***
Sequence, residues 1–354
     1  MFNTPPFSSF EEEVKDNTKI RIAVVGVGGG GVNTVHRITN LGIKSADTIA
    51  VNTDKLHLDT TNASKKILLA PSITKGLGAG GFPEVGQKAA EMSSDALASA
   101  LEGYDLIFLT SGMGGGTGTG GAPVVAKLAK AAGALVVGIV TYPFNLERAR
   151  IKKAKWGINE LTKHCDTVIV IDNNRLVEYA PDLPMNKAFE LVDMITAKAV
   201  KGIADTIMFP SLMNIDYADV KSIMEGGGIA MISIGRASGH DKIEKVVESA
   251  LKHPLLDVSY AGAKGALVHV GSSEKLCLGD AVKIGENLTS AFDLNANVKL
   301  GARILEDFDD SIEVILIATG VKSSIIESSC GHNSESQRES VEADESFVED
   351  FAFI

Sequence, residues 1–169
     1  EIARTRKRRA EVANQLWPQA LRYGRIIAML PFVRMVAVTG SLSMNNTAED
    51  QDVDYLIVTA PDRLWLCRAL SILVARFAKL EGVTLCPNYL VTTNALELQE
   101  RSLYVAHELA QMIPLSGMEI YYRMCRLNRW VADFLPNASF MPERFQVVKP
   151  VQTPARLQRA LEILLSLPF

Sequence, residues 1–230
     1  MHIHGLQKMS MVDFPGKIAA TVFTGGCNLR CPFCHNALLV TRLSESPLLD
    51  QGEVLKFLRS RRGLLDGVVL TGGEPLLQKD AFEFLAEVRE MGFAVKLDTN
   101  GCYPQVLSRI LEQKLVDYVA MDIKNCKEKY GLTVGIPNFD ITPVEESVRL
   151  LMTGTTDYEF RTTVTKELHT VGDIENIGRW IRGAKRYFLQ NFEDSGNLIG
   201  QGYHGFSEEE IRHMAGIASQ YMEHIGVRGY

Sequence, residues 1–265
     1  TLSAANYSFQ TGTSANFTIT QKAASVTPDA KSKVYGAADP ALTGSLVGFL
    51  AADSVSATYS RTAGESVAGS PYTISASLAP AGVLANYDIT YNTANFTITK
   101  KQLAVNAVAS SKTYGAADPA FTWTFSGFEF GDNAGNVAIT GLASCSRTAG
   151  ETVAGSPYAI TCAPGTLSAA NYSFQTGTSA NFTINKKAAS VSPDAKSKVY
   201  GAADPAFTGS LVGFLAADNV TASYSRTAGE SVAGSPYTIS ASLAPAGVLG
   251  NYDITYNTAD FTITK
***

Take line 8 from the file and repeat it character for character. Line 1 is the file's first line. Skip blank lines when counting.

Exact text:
   301  GARILEDFDD SIEVILIATG VKSSIIESSC GHNSESQRES VEADESFVED